Farm safety and the use of vehicles on public roads

Business

  • Author Peter Main
  • Published July 29, 2020
  • Word count 640

Most farms and agricultural businesses use a wide variety of different types of vehicles, ranging from tractors to combine harvesters to ATVs to different types of construction equipment.

In addition, many agricultural vehicles use different types of trailers to carry and transport loads both within the farm or agricultural business boundaries, which may well intersect with public highways as well.

It is also quite common for people on farms to use different types of normal motor vehicles and trailers to transport other pieces of agricultural machinery across that own land and public highways as well.

This area of the use of agricultural machinery on public highways is hugely important, because there are normally specific statutes and regulations relative to the use of agricultural machinery and their loads on public highways, as well as specific requirements regarding the age of who can drive what vehicles on such highways.

It is quite possible that the laws and regulations relating to public highways differ slightly from those relating to the use of these vehicles on a farm or agricultural business.

All regulations will differ slightly depending upon where the farm or agricultural businesses is based, but there are a number of important areas that can be highlighted, and where specific information needs be obtained.

It is important to understand how the local authority the following is what it means by a public highway. Whilst it might seem like the obvious to anyone who uses a normal motor vehicle, told highway can mean different things in terms of what types of vehicles allowed to use them.

Whilst most public roads will be open to any member of the public to use, there are likely to be restrictions on what types of vehicle can use them, and conditions as to the age of the person who may drive any vehicle on them.

One specific area that needs to be clarified is the age at which an operative may use any agricultural machinery on the public highway.

In order to use a motor vehicle on a public highway, a specific age will be delegated by the local authority. It is likely that someone of a lower age, quite often late teens will use agricultural machinery on farmland, and may wish to use such machinery on public highways as well.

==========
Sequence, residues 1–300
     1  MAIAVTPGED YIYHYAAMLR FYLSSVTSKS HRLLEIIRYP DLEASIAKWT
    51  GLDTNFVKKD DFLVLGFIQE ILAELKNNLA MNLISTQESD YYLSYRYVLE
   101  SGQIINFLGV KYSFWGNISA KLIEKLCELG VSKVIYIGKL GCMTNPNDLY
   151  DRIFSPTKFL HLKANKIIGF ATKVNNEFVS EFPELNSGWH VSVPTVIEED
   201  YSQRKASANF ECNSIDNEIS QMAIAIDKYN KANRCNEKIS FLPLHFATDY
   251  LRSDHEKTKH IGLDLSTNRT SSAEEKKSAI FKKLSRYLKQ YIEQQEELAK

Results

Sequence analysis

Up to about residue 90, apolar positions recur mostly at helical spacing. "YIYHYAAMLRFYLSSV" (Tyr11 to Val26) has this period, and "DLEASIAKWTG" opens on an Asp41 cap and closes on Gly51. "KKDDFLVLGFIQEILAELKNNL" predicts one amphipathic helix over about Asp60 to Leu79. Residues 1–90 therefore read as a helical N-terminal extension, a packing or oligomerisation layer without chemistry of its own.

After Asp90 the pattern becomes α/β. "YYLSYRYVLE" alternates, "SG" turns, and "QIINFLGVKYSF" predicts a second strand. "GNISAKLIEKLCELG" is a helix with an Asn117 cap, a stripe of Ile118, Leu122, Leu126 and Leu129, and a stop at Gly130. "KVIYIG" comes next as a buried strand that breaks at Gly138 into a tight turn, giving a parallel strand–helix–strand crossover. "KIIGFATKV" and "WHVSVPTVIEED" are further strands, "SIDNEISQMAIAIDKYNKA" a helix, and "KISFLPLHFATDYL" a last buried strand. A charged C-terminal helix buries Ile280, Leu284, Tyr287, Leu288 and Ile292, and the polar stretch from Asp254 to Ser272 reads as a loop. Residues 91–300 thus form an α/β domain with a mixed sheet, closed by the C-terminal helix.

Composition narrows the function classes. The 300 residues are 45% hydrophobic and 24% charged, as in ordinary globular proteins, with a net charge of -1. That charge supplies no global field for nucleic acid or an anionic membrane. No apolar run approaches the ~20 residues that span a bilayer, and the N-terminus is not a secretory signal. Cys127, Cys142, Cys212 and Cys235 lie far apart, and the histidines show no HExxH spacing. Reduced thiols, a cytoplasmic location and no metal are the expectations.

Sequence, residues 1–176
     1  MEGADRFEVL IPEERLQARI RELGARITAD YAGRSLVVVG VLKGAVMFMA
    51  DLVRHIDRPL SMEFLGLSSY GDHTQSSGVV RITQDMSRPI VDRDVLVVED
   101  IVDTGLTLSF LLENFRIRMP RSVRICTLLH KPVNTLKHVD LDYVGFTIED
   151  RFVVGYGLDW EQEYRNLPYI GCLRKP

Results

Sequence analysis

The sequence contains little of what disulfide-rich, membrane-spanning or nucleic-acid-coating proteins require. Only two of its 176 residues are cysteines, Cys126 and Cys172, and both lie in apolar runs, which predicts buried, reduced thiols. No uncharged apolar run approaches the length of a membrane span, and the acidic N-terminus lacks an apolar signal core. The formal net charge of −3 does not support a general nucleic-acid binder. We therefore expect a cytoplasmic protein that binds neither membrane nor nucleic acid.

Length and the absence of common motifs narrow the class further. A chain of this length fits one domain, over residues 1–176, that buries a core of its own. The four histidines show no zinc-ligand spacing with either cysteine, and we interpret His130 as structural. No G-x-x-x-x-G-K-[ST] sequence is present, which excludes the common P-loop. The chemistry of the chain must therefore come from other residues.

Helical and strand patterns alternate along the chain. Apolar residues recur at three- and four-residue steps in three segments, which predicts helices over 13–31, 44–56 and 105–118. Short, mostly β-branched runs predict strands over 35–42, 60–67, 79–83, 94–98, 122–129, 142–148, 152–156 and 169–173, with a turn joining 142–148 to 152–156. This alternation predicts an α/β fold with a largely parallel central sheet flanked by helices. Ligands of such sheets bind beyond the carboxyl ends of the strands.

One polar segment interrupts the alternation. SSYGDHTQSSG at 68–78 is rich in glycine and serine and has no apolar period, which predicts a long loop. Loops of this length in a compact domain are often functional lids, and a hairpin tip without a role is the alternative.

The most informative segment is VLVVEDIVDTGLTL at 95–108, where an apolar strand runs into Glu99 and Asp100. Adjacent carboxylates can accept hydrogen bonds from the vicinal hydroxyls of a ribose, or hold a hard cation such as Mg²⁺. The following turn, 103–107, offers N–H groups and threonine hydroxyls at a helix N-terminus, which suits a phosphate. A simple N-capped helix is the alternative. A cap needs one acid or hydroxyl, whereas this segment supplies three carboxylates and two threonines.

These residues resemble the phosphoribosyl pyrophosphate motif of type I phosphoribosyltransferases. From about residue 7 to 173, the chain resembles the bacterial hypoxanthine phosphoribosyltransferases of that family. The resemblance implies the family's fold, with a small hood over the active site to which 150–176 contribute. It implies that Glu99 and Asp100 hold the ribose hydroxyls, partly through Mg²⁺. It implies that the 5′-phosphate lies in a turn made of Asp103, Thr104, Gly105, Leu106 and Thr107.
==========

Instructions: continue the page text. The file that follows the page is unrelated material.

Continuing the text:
A local authority is likely to recognise this as a potential issue, I have some type of statute that specifies what type of vehicle may be driven by people of specific ages. There is likely to be a distinction between a normal public highway, and a public highway that intersects farm or business land, which may simply involve a much smaller journey.

Tractors and agricultural machinery often carry large loads, which can present real hazards to other road users. These hazards can be because of the size of the load itself, or often because the size of the load and Vehicle must travel at a very slow speed, often causing congestion and frustration with other users of the road, which can generate potential hazards

Farm equipment may well have specific requirements by virtue of a statute concerning braking systems, bumpers, mirrors,  horns and lights. A vehicle carrying any type of load needs to make sure that any trailer that has been used as fully functioning electrical and mechanical equipment as specified by local law.

The use of safety chains is not only good practice, but is likely to be a legal requirement as well. All loads are potentially a risktwo other road users, either because they can list and either fall onto other users, or upset the power and driving capability of the vehicle that is pulling them. As such, loads should eat safely secured and checked, not only at the beginning of the journey, but at intermittent intervals throughout, when it is safe to do so.

Peter Main is a freelance journalist who specialises in writing about agriculture and farm machinery, with a special focus on manufacturers who provide powerful tractors such as the Kubota BX 2200 and the Kubota L3301

Article source: http://articlebiz.com
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